Folder 2, “Bertha Ricketts-Sumner (Cid)” contains a memoir written by Cid, telling about her schooling, and a memoir that was written by Edwina Burnley (Cid's aunt) and Bertha Burnley Ricketts (Cid's mother) telling of their lives before they went off to school. Also in this folder are Dorothy Lenoir's memories of stories told by the sisters, and excerpts from letters written by Cid to Dorothy. Cid's letters provide facts about her family. (1968)

Folder 3, “Mary C. Thornton” has three letters written to Dorothy Lenoir by Mary C. Thornton in 1943, after Dorothy had moved to Massachusetts from Florida.

Folder 4, “Edith Ames Stevens” contains a memoir of Mrs. G. Brooks Stevens, Edith’s youngest sister (Jessie), which tells about their father General Adelbert Ames. There are also ten letters written between Edith Ames Stevens and Dorothy Lenoir. (1943-1946)

Folder 5, “Walter L. Foxworth” contains twenty letters written to and from Walter L. Foxworth, John P. Foxworth (uncle), Mrs. Emma Foxworth (aunt) and Walter’s father. These letters concern money lent to Walter Foxworth and invested in real estate, windmills, and a lumber company (Foxworth–Galbraith Lumber Company). Most of the investments were made in or around Dalhart, Texas. (1901-1961)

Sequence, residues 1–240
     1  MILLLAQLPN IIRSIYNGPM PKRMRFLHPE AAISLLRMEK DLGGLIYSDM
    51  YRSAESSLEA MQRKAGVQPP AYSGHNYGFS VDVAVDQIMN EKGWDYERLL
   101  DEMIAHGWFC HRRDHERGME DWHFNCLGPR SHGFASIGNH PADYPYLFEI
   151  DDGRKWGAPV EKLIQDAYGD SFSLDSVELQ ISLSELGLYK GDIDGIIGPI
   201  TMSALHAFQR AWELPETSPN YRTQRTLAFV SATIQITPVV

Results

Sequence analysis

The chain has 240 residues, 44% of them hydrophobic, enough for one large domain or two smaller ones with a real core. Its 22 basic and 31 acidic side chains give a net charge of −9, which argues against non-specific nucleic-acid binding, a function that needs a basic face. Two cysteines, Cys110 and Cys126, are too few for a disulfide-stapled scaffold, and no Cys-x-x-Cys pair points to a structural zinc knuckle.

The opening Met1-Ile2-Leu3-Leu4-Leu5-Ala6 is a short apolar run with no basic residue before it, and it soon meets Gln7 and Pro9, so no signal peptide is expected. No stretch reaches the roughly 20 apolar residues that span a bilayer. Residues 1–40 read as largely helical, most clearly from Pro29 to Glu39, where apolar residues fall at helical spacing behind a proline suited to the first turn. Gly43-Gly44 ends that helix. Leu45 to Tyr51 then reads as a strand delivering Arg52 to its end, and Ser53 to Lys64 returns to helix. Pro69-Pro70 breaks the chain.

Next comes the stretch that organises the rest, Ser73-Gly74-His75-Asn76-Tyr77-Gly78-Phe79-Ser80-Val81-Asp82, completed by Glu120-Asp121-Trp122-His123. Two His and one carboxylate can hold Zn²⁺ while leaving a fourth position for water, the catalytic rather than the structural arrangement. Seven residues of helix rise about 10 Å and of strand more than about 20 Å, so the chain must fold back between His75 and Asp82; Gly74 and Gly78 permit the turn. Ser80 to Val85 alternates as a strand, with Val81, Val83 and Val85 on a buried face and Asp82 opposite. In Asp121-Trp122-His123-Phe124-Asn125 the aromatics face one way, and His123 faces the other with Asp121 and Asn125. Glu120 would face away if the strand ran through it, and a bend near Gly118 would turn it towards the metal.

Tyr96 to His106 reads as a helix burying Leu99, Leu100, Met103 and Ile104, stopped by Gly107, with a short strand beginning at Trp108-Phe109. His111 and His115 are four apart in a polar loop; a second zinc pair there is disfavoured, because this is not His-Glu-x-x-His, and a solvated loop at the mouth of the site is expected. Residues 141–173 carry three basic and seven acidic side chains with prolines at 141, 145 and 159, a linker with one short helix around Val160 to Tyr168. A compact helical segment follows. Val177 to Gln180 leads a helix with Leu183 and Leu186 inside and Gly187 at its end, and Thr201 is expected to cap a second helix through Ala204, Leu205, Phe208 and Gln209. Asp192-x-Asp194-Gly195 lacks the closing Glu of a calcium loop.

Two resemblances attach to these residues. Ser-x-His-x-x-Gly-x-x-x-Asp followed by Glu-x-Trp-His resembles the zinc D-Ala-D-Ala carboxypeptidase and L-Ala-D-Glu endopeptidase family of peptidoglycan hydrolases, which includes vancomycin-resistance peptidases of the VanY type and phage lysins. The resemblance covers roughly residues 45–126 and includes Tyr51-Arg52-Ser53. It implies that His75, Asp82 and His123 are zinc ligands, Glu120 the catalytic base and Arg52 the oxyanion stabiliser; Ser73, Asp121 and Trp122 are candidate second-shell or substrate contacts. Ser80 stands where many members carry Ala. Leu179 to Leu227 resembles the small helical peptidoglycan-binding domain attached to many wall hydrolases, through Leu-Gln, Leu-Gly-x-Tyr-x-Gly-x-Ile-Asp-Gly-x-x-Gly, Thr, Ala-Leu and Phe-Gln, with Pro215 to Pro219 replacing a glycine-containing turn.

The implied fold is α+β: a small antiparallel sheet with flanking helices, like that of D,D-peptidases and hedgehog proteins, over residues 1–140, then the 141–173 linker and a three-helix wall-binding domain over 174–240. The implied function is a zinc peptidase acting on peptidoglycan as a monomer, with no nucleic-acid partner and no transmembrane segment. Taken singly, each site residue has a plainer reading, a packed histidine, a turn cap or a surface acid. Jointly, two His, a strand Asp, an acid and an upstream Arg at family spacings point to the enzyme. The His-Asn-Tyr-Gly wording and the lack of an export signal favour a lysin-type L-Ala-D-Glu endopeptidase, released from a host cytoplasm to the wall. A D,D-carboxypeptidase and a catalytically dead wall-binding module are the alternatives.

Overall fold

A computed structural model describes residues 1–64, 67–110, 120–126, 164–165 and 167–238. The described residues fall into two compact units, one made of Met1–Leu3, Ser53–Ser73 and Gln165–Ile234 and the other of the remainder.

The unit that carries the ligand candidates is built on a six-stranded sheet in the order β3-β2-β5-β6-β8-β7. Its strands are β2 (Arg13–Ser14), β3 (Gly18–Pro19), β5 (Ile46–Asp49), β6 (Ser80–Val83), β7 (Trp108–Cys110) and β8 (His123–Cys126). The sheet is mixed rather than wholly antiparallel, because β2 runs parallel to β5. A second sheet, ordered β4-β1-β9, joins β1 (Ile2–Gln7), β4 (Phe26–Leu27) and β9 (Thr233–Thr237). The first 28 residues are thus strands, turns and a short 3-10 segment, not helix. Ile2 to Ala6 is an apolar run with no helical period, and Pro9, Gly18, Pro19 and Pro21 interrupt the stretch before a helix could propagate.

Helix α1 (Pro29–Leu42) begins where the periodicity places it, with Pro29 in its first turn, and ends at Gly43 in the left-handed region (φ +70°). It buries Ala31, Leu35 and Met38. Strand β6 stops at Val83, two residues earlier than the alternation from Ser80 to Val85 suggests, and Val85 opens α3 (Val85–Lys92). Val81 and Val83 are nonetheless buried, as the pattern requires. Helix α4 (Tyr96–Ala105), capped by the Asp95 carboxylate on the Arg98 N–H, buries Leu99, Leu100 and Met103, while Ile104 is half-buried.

Folder 6, “Foxworth – Receipts” holds the first three receipts of the investment that John P. Foxworth made in the Foxworth-Galbraith Lumber Company. (1901)

Folder 7, “Foxworth – Guardian's Bond” contains a bond for the guardianship of Joseph Franklin Ford and Felix Ford. (1860).

Folder 8, “Foxworth – Deeds and Land Grants” consists of deeds and land grants involving property in Mississippi. Included are two deeds for land in Marion County, four land grants for land in Covington County, and two land grant copies for Perry County and Adams County. The first deed is for A. M. Foxworth in 1864, and the second deed is for A. E. Foxworth and S. E. Foxworth in 1875. Four of the land grants are oversized, and were issued to Samuel Green Foxworth in 1856. The other two land grants are copies. One is a 1905 copy from an 1846 grant to Samuel Green Foxworth. The other is a 1905 copy from an 1819 grant to Allen Jenkins. (1864-1905)

Folder 9, “Foxworth – Widow Fund” contains a ‘widow fund upon death’ certificate purchased by Alexander E. Foxworth for his wife Sarah E. Foxworth in 1891. It was purchased through the Knights of Honor.

Other Finding Aids:

Box and Folder List


Box 1    
  Folder 1 Dorothy Lenoir (1946-1962)
  Folder 2 Bertha Ricketts–Sumner (Cid) (1968)
  Folder 3 Mary C. Thornton (1943)
  Folder 4 Edith Ames Stevens (1943-1946)
  Folder 5 Walter L. Foxworth (1901-1961)
  Folder 6 Foxworth – Receipts (1901)
  Folder 7 Foxworth – Guardians Bond (1860)
  Folder 8 Foxworth – Deeds and Land Grants (1864-1905)
  Folder 9 Foxworth – Widow Fund (1891)